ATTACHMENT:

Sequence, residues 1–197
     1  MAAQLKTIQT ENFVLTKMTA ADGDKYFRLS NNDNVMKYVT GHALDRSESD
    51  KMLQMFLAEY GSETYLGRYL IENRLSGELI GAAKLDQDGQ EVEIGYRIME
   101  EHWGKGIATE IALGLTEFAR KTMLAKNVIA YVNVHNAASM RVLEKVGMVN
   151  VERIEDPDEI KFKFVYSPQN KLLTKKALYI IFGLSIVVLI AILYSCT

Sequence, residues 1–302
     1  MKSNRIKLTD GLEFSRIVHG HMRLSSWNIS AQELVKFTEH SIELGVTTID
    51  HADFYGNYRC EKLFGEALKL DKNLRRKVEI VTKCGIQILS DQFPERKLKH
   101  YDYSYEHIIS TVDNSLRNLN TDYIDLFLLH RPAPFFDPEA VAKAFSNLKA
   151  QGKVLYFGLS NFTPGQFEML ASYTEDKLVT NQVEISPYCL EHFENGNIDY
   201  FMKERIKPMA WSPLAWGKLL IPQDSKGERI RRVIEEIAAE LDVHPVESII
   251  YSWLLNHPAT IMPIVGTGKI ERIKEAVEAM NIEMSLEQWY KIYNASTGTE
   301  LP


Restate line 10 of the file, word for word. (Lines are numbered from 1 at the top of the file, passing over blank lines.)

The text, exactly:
   151  QGKVLYFGLS NFTPGQFEML ASYTEDKLVT NQVEISPYCL EHFENGNIDY